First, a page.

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Monday, December 09, 2013

Can you trust MCQs?

Blackboard logo With rising student numbers and increasing pressure on feedback turnaround times it is almost inevitable that we will see the increased use of online MCQs, at least for formative if not for summative assessment. But can you trust MCQs?

I recently stumbled across Blackboard Grade Centre Item Analysis Discrimination. No, I hadn't seen this before either.


So is this the answer to construction of good (valid) online MCQs?

Blackboard's (sketchy) description of how the tool works is that "Discrimination correlates question performance with overall performance on the test". Hang on - if the categories are not independent, is this analysis valid? The Discrimination score tells you whether good students (those who score highly on the test) do better than poor students, or whether poor students (who get low scores on the test) answer the question correctly. Is this a valid basis for judging the value of a question? In my hands, the tool also fails to calculate scores for some questions for reasons not given. So is it better than nothing? Well, possibly. Is it a valid analysis of question utility? You decide.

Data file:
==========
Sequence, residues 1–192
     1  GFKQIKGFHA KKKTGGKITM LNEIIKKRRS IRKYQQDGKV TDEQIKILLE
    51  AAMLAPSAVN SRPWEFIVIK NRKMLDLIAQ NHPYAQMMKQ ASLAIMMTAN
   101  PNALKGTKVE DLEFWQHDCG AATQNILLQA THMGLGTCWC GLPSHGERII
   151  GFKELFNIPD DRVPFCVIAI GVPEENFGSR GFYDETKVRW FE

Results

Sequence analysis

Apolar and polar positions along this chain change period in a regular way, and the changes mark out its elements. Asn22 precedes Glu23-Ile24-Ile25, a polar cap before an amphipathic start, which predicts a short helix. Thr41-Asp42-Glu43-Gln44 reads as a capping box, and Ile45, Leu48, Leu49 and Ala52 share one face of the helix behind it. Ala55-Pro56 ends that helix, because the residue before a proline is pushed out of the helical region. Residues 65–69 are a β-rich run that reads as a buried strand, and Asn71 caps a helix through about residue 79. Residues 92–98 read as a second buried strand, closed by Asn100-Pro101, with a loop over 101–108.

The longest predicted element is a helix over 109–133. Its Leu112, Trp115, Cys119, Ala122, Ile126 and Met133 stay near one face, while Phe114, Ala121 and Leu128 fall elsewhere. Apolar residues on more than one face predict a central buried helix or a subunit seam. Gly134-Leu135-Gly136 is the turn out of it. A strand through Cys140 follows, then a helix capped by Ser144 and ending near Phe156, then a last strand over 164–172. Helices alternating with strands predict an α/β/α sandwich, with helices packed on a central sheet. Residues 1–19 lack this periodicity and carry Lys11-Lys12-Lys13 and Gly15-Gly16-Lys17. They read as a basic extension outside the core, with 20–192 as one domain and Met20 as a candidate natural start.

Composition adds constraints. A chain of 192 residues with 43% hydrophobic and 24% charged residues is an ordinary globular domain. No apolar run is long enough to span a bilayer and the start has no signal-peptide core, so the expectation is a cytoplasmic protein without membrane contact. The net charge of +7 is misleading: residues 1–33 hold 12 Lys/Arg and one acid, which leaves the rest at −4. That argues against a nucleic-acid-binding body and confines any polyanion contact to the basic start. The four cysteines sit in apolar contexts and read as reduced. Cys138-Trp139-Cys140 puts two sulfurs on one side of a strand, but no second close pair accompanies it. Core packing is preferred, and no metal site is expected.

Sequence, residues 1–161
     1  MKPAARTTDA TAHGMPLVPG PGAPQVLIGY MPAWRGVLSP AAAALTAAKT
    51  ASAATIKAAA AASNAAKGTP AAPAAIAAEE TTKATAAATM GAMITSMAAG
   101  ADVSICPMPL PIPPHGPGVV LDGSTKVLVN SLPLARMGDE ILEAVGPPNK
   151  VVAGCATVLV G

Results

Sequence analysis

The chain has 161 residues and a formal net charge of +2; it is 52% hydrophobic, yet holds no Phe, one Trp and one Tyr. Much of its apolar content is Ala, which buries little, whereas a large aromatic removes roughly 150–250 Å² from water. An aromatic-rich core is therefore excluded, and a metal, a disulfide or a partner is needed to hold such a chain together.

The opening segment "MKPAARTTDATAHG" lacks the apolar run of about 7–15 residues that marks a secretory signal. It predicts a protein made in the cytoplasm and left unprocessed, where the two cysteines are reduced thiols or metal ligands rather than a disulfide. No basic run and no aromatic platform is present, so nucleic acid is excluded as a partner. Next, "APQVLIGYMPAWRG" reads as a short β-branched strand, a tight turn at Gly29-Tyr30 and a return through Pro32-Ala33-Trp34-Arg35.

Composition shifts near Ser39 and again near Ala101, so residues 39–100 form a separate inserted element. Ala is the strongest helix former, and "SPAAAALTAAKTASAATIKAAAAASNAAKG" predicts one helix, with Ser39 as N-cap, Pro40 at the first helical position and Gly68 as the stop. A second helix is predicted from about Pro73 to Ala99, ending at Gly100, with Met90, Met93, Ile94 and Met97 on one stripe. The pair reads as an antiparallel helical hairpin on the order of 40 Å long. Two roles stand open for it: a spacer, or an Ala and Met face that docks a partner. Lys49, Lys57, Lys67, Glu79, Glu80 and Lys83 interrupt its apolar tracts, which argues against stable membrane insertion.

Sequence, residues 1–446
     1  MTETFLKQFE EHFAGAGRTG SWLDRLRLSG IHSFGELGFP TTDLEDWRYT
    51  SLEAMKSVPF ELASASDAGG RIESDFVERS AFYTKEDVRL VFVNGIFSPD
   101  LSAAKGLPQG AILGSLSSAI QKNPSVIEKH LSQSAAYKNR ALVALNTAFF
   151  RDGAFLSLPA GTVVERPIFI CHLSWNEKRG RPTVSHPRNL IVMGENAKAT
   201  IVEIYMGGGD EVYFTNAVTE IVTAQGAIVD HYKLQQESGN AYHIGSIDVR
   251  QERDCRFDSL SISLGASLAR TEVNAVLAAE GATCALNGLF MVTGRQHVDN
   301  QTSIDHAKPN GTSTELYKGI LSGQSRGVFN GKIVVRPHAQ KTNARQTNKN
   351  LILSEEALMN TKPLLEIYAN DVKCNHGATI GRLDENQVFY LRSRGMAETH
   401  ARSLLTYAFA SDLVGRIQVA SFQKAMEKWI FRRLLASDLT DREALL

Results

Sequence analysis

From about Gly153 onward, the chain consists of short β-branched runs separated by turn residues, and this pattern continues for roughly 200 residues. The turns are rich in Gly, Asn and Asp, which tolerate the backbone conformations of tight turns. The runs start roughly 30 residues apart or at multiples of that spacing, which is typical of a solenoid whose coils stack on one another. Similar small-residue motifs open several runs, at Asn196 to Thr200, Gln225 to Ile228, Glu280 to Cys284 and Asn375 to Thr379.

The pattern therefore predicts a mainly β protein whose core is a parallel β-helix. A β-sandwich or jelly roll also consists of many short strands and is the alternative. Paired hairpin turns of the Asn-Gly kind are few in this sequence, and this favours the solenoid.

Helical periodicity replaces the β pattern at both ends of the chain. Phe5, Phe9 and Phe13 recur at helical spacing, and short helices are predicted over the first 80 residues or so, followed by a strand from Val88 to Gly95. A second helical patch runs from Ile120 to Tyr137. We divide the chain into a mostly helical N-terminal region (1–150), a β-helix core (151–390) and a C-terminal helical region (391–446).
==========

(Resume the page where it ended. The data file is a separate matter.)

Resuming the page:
Get ready for lots more MCQs in the coming years. And keep lying awake at night worry about using MCQs. In the future, we will all be Sebastian Thrun.




3 comments:

  1. We use MCQs extensively for formative and summative assessment and find discrimination scores (or quintile bar charts) valuable for quality control.

    Anomalous discrimination scores often indicate problems with a question, so are a useful indicator that the question and responses should be double checked.

    The wrong answer may have been indicated as being correct, or the question may include ambiguous wording, or exceptions to a general statement may be apparent to students who have read outside the material covered in lectures.

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    Replies
    1. Hi Moira.
      Do you run your question stats in Blackboard, and if not, how do you collect and process the data?

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    2. The version of Blackboard that we are currently running does not provide exactly the analysis we want, so we process in Excel. For offline tests, our OMR software provides bar charts which serve a similar purpose.

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